Thursday, May 15, 2014

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Kosher Lust: Love is Not the Answer – A Review

REVIEW by Reb Akiva @ Mystical Paths

Kosher Lust (Love is Not the Answer), by Rabbi Shmuley Boteach, 227 pages – hardcover, Gefen Publishers.

“Kosher Lust”, a controversial title to say the least.  Not one you expect from a “real” Jewish orthodox seriously religious rabbi.  Yet, while Rabbi Boteach has become controversial specifically for publishing such titles and showing up in the mass media, he not only is a real orthodox rabbi, he is a real chassidic rabbi.

As for the controversial title, he’s clearly trying to reach a wide audience and using the shock value to do so.  It’s certainly not a traditional technique, but it worked well enough that the book caught one of my children’s attention and had them make a purchase.

This book is NOT a frum Jewish community sefer. It IS perfectly acceptable for such an audience, presenting it’s ideas in a clean and modest way, and has a message of equal value for religious and secular readers.  But the concepts are all phrased in general moral terminology as opposed to the specific Torah terminology used in Jewish religious books.  That’s good, it means people of all and no religious faith can benefit.  But don’t pick it up expecting to be reading a sefer (Jewish religious book).

The author starts with a startling and frightening premise… Houston, we have a problem with marriage:

- Divorce rates have been at 50% for 50 years!

- Married couples are now less that 45% of all households!

- There are more help books for marriage, marriage advice TV shows, marriage therapy, etc, available now than any time in history… yet marriage isn’t working to the point that marital success is now a minority situation.

- The average duration of a marriage today is 8 years!

- 53% of children are now born to unmarried parents (averaged across all communities)!

These are all US statistics, which turn out to be some of the best in the world!  In many other places the statistics are WORSE.  In Norway and Finland, it’s 30% worse.  In some South American countries, it’s 50% worse!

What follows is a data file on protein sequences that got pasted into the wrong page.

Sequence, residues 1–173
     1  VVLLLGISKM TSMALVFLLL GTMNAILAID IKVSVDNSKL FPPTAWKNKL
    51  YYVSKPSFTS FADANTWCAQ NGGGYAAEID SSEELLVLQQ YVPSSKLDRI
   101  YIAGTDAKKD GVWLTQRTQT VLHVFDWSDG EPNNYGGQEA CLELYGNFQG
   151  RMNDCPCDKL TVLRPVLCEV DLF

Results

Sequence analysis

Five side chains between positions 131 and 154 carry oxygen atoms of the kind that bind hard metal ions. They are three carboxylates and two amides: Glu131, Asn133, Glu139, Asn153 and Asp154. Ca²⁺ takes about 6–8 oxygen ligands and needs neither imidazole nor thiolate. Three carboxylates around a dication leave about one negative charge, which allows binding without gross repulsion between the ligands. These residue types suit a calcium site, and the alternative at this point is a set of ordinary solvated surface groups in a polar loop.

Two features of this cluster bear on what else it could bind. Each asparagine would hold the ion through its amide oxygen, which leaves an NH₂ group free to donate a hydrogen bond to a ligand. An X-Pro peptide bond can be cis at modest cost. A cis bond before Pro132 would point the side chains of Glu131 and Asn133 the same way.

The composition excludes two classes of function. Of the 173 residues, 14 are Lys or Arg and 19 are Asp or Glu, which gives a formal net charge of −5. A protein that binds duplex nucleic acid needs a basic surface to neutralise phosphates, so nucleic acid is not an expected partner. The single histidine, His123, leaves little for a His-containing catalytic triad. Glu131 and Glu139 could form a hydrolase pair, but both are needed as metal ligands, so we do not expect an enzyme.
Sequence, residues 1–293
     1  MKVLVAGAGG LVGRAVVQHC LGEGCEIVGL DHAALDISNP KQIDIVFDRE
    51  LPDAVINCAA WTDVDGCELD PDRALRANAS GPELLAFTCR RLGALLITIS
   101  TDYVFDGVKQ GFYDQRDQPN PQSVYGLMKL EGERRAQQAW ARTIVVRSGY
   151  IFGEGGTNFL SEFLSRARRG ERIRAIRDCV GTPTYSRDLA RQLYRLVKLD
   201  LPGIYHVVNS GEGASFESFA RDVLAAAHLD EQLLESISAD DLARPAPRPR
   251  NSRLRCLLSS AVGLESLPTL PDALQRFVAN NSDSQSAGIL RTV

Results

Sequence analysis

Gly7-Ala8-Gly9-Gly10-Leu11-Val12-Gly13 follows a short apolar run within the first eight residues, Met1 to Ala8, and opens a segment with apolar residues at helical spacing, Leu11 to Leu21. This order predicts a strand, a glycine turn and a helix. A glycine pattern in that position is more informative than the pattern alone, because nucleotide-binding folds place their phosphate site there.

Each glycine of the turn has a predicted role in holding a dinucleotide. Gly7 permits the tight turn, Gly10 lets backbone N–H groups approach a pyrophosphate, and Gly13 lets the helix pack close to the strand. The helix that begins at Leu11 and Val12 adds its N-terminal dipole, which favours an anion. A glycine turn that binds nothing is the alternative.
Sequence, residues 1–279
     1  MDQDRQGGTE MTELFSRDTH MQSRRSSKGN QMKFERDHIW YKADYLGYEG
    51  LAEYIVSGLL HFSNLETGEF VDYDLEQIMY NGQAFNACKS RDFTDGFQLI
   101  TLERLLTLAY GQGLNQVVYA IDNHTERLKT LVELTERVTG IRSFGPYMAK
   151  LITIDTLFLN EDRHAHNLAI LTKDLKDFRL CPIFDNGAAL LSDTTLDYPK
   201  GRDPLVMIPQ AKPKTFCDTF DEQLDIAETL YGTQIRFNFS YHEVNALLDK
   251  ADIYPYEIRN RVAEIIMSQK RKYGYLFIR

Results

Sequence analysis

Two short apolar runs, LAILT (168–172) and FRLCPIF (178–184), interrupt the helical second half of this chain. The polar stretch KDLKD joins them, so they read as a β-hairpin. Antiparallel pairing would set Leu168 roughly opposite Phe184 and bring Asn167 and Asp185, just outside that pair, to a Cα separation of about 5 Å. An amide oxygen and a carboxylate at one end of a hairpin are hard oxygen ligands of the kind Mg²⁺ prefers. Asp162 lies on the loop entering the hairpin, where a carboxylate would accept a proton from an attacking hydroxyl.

As the author says, it seems the only people who want to get married nowadays are same-gender oriented.

So the author successfully identifies his problem: Marriage has failed in the modern world.  He then moves on to his primary theses… Too much “love”, warm – friendly – comfortable, too little “lust”, yearning – desire – striving to connect.

The rabbi points out that lust is discussed in the bible, it’s yearning for G-d, it’s thirsting to be connected, it’s the drive to be with G-d, and quotes biblical quotes supporting this. 

He then discusses counseling sessions he’s had with people who cheat on their marriages.  They often sit and tell how they love their spouse even though they were drawn to another.  He uses a number of such stories to demonstrate that lust is strongly than love – though never sustaining.  Just as it blows up in a big flame, it dies away.  He follows this up with how lust fades away in a modern marriage.

He gets there with anecdotes, statistics, stories, and repetitiveness.  The statistics and stories are good, the anecdotes tolerable, the repetitiveness – not so much. 

Then he gets into understanding lust.  “The three principles of lust… unavailability, mystery, forbiddenness.” 

Finally he gets into how to infuse lust into your marriage, directing it appropriately at your spouse and thereby energizing a marriage for life.  Naturally because lust is a “it blows up and dies down”, it’s a process that ebbs and flows.  This section gets more graphic, discussing maximizing the marital relationship and biblical guidance for doing so.

For those who have spent a lifetime hearing about love and maintaining a warm loving relationship, the discussion is somewhat bizarre.  But the author makes his point… marriage and the marital techniques being represented today aren’t cutting it (perhaps with the exception of various serious religious communities – where communal mores either focus or prevent the interfering issues of modern society).

I buy the argument and make it a suggested read for anyone who’s marriage is cooling off or worried it might head there in the future.

4 out of 5 stars, I’d buy it again.  And you can buy it here:  Hardcover - Kosher Lust: Love Is Not the Answer or ebook edition.


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